Sunday, November 30, 2008

Children in Politics

Why put images of children and children’s voices on the media in this fashion? Could adults not ask? Of course they could. But someone somewhere thought that having children ask would be cute or attractive. It is an abuse of our children to have them appear to say words which are really not their own. This is the adults of society using the psychological implications of the innocent child for political gain. And this brings the child into a/the dominant hegemony before being aware enough to think for him or herself.

Look at this:

This seemingly benign use of children is an indoctrination tool being used on the children and then being presented to the public as a spectacle.

Someone in the public then chose to subvert the message through juxtaposing symbols resulting in this collison montage:

We get the point. Don’t we? This media producer sees the correlation between using our children to propose Obama’s presidency and using them to propose Fascism. But who is abused and who is the abuser? Is this how we hoped the shifting of the power of media to the masses would be used? Perhaps some would see fun in this juxtaposition. I see only abuse of the meek in both productions. Through my intuition I feel sick about this use of children in this new “free access” media. When the powerless are used by the powerful there is something off, whether it is on Youtube or Network TV.

Let the kids alone. Let them enjoy their undetermined youth. Should we parade them?

No, we should not parade children in political campaigns. Yes, these depict beautiful moments. Beautiful private moments forever stained by discussions of adult motives:

Is this serious professional journalism? Perhaps they are producing the media which they believe to be desirable? And who are they? Adults.

At least Michelle Obama thinks she should protect her children’s privacy. This is a noble cause but not the whole truth. While talking about protecting their privacy, we see the children in larger than life images behind the hosts of The View:

Children are not intellectual adults. They may have the capacity to ask many pertinent questions (even if done innocently). This use of children is an appeal to the psychological aspect of our fondness for children. Political candidates and commentators use children for these purposes.

In this video, images of young children are paired with a child’s voice-over. Imagine as you listen and view if the images were the same and either John Mc Cain’s or Barack Obama’s voice was the voice-over.

Well, how did you do imagining our (political) adults as the voice instead of the child? Would it have the same impact? What if the video did not invade the privacy of the children in the footage and just showed Obama or McCain explaining their opinion? A novel idea perhaps? Have the candidates speak.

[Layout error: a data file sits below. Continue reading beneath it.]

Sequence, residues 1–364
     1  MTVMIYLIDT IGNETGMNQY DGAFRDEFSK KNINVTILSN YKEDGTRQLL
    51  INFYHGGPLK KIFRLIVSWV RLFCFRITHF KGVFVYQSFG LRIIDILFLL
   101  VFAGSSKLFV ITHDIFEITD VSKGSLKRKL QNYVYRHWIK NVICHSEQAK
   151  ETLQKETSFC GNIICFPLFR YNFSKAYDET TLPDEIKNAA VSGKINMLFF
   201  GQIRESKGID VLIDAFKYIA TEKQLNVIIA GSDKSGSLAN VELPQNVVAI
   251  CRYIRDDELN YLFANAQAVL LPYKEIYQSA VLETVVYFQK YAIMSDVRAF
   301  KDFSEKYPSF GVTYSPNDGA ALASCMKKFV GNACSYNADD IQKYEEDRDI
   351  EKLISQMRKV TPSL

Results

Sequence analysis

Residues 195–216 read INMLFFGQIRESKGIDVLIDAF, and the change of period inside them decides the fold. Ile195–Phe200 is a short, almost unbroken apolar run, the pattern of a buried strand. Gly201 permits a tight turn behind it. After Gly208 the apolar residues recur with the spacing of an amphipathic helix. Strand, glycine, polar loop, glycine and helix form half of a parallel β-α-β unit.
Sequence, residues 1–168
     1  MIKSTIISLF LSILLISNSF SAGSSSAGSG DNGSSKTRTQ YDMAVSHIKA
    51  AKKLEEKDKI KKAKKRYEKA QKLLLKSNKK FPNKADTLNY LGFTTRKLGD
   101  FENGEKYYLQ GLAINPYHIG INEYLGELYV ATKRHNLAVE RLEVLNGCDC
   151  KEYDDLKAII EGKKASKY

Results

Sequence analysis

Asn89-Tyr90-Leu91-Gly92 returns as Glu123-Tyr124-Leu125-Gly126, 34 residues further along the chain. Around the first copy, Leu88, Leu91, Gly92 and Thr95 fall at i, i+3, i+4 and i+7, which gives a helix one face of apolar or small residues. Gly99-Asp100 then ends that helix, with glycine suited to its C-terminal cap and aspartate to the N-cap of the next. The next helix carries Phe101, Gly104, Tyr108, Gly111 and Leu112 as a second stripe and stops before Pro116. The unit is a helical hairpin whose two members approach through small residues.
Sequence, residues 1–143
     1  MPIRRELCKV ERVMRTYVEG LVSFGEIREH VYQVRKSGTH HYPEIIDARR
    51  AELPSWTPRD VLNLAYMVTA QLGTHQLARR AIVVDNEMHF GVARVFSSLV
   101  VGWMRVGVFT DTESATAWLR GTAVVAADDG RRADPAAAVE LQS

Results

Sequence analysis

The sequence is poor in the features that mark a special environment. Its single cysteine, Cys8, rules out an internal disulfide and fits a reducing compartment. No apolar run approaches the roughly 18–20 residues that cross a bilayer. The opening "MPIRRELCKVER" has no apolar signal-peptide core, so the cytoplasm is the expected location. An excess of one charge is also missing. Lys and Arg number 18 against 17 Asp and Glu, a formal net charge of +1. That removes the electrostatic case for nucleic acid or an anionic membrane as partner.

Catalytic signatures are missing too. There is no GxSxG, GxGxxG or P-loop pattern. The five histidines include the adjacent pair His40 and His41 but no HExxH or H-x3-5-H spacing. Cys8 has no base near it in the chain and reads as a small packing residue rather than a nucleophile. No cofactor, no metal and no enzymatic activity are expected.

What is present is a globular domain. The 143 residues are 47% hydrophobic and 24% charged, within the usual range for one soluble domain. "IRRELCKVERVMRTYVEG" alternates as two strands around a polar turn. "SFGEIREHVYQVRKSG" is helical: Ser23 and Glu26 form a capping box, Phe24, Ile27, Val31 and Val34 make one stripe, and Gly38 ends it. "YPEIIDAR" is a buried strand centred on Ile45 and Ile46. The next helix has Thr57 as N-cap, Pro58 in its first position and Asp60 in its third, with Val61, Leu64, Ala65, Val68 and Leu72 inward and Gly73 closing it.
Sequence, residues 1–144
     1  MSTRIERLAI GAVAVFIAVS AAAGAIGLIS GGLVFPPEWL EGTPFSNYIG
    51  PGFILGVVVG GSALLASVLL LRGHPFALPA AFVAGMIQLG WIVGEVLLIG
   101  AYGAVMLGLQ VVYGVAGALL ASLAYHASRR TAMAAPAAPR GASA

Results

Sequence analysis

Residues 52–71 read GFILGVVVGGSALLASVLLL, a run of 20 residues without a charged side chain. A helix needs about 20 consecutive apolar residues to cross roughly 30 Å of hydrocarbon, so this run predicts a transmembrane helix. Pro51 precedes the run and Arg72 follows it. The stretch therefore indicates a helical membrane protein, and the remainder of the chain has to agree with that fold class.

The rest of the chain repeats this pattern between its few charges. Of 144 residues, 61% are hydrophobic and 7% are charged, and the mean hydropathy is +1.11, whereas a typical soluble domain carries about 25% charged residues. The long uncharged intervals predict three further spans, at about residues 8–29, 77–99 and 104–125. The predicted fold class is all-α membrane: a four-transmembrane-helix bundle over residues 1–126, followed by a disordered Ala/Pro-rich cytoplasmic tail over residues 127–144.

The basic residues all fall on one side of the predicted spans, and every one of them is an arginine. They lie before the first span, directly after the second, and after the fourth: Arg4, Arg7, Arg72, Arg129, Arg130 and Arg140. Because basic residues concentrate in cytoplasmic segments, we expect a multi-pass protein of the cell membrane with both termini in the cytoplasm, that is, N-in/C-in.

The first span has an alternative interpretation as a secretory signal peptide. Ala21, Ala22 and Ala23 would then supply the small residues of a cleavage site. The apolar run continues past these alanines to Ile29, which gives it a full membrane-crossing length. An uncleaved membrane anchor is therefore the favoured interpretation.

I suggest we get the children out of political fighting. Maybe the candidates will have to come up with more than a 10 second sound-bite.

The aging among us

This is originally a post for a class in BECA, SFSU but if you ignore the text in brackets then you can experience it as it is - i.e without class implications.]

It is (intuitively in the Gitlin sense) a fact that the elderly members of our society are treated with less than optimal respect. In the vein of intuitive discovery (that Gitlin has used in his post on pop culture which we have read for this class) I assert that it is easy to convince people that the elderly deserve to be appreciated more than they are. (This insert is a little long but you might just let the music play while you read on as the tone of the tune/soundrack has an aesthetic element which lends itself to the sentiment of what I am asserting. Otherwise forty seconds will inform you.)

However, there are people in society who know this as a result of their experiences.

Among this population are these young medical professionals who (presumably) care for the elderly. The way in which they have taken control of "the means of production" (as per Marx) is an indication of the true humanistic nature of some members of our society. They wish to do good. They have done good by attempting to understand through "ethnographic" analysis what it is like to be old.

(In the Gramscian sense perhaps) One could criticize this exercise as a useless crumb thrown to the agressive train of humanity which will never accept our geriatrics as fully human. But (in the Gramscian sense) there is also (I would assert) potential here for the use of the means of production to become more than a crumb. (Marx) Many would congratulate the producers of this kind of media:

(In the Marxist sense) This is a departure from the control of media by conglomerates.

In my opinion - it is the first step. This media needs to be seen to be appreciated. I believe, (in the Gitlin sense), intuitively that I would have a challenge ahead of me to find one who would disagree with the sentiment that our elderly deserve better/more.

Therefore, this kind of media needs to be shown in schools and spread out through the virtual (and therefore real) world. We need to get this message to the forefront of peoples thinking. People want to help and "love" our elderly. They just need to be shown how. This media can do that - People do want to help:

The media have a certain amount of power to influence. Surely it can be a force for the realization of the attributes of our elderly. But these media need to be seen. Now that we have the means of production dissipated to the masses, how do we get the masses to see the production?

This may seem simplistic but if each of us brings this blog to the attention of our mother/father/grandmother/grandfather/aunt/ uncle etc... friend - then more people will be aware that they are not alone in their thoughts about the elderly in our society, whether they are elderly or not.